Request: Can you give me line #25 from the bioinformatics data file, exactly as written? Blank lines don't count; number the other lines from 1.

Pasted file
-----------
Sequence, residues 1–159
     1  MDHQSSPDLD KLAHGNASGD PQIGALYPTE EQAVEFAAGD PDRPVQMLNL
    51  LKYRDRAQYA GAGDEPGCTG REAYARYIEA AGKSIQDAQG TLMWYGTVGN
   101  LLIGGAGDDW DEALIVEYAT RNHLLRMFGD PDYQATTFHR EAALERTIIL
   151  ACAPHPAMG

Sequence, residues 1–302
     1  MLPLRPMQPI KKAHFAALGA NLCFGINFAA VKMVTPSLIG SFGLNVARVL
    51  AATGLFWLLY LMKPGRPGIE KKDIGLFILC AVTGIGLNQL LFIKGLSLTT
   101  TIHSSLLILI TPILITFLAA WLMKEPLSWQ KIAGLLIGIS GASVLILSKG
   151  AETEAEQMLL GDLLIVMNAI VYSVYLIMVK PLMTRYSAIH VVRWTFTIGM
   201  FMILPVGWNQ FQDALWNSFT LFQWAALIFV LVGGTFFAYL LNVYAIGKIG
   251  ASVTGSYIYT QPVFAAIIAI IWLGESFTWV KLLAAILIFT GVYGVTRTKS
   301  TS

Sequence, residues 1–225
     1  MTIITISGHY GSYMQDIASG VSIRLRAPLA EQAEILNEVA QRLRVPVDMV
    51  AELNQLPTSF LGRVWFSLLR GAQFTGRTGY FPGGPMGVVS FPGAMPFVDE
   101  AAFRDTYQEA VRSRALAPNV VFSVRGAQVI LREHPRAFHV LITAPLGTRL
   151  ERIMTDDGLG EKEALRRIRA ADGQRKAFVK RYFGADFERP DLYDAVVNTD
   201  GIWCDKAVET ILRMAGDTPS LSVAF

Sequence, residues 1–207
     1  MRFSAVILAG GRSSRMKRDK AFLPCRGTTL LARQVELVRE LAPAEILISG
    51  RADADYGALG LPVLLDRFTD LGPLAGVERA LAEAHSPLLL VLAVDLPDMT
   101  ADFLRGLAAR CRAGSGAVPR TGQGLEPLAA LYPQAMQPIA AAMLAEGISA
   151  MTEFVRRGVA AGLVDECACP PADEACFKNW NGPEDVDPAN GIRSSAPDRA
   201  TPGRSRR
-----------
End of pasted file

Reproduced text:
   201  TPGRSRR